(Reuters) – The South Korean government on Monday expressed concerns about the decision by the United States to overrule a sales ban of some Apple Inc (AAPL.O) models.
The Obama administration vetoed a U.S. trade panel’s ban on the import and sale of some older iPhones and iPads, reversing a ruling that had favored South Korea’s Samsung Electronics Co Ltd (005930.KS) over Apple in their long-running patent battle. The move was vehemently criticized by the South Korean media as “protectionism.”
“We express concerns about the negative impact that such a decision would have on the protection of patent rights,” the Ministry of Trade, Industry & Energy, said in a statement.
The ministry called on the U.S. trade body and the Obama administration to make “fair and reasonable decisions” as Samsung faces a decision on Friday as to whether some of its phones and tablets infringed on Apple’s patents and should be banned from imports into the United States.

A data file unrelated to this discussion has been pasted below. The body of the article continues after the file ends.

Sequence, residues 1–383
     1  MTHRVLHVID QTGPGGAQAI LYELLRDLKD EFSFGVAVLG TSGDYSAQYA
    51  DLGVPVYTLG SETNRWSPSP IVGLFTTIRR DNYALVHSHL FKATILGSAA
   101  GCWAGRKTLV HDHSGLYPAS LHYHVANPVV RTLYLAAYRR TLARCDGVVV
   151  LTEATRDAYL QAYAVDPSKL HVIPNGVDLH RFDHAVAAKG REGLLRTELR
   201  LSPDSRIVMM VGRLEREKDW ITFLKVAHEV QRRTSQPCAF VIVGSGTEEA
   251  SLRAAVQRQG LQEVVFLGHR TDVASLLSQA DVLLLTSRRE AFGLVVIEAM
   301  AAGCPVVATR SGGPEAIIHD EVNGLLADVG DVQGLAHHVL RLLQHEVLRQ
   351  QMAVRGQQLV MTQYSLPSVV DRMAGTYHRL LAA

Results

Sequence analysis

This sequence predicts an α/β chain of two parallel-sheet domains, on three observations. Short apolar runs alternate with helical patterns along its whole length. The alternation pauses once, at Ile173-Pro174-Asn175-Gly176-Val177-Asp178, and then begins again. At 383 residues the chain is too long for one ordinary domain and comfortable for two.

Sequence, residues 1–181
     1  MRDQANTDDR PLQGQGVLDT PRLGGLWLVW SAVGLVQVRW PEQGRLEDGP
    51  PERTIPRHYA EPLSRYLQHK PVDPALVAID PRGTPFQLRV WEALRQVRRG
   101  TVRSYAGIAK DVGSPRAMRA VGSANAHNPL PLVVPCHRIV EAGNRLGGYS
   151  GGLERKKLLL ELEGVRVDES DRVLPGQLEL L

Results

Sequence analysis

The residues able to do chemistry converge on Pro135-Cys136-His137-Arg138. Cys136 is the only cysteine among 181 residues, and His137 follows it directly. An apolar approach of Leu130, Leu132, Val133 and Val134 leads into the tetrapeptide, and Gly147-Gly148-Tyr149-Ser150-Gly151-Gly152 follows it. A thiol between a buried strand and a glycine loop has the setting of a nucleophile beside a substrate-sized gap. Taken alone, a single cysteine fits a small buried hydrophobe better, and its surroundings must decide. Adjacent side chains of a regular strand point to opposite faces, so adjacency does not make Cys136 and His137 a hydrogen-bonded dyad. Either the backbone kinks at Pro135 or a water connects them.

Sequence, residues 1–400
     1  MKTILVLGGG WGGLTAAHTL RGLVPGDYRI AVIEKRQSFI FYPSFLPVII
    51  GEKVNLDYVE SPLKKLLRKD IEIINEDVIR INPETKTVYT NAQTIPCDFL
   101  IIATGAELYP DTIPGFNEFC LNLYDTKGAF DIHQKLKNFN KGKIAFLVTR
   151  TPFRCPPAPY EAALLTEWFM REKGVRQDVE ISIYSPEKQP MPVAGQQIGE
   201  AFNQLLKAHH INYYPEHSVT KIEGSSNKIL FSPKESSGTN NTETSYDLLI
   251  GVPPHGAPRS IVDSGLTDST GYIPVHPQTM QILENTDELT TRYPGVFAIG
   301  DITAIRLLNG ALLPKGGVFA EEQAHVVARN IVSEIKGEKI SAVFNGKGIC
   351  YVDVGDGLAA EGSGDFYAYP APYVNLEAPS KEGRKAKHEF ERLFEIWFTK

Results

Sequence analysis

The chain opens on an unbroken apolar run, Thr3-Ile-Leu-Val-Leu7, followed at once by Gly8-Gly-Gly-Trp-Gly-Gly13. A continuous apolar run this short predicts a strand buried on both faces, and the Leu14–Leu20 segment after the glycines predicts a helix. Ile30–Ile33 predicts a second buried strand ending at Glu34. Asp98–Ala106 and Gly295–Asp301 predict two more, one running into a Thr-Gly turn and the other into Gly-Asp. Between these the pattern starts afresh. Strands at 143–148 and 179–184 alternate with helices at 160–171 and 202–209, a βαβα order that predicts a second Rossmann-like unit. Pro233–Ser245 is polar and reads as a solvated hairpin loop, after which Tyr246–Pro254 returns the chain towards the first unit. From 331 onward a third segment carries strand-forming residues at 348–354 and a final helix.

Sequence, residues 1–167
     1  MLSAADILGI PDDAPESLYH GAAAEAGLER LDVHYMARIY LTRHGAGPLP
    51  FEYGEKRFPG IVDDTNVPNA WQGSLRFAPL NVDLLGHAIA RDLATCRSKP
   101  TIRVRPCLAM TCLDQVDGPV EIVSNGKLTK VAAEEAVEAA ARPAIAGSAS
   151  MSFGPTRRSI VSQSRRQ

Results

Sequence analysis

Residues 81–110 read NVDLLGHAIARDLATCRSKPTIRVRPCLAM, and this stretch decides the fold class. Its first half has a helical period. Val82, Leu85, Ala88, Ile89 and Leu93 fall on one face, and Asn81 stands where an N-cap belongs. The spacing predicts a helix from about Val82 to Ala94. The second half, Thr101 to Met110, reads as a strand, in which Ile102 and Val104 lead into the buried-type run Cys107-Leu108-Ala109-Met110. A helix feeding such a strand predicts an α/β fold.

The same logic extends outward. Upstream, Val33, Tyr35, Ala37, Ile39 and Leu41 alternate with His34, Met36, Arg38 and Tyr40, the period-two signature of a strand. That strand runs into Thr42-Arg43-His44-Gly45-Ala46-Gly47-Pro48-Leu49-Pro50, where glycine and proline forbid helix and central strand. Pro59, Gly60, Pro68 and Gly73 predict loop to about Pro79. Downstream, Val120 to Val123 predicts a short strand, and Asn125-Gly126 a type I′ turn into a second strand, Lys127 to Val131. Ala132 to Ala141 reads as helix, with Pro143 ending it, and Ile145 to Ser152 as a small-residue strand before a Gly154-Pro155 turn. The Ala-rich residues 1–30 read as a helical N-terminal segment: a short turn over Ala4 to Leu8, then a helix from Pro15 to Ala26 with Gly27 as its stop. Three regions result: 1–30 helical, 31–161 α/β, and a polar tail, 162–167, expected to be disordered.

Apple and Samsung, the world’s top two smartphones makers, have been waging a global patent war since 2011, filing multiple lawsuits against each other over the design, interface and technology of their devices.
The U.S. International Trade Commission (ITC) in June banned the import and sale of the iPhone 4, iPhone 3GS, iPad 3G and iPad 2 3G distributed by AT&T Inc (T.N), saying the devices infringed on one patent owned by the South Korean electronics giant.
Samsung had also accused Apple of infringing on three other patents, but the ITC found that Apple did not infringe those. A Samsung spokesman said on Monday the electronics giant in July appealed the ITC decision on the three patents.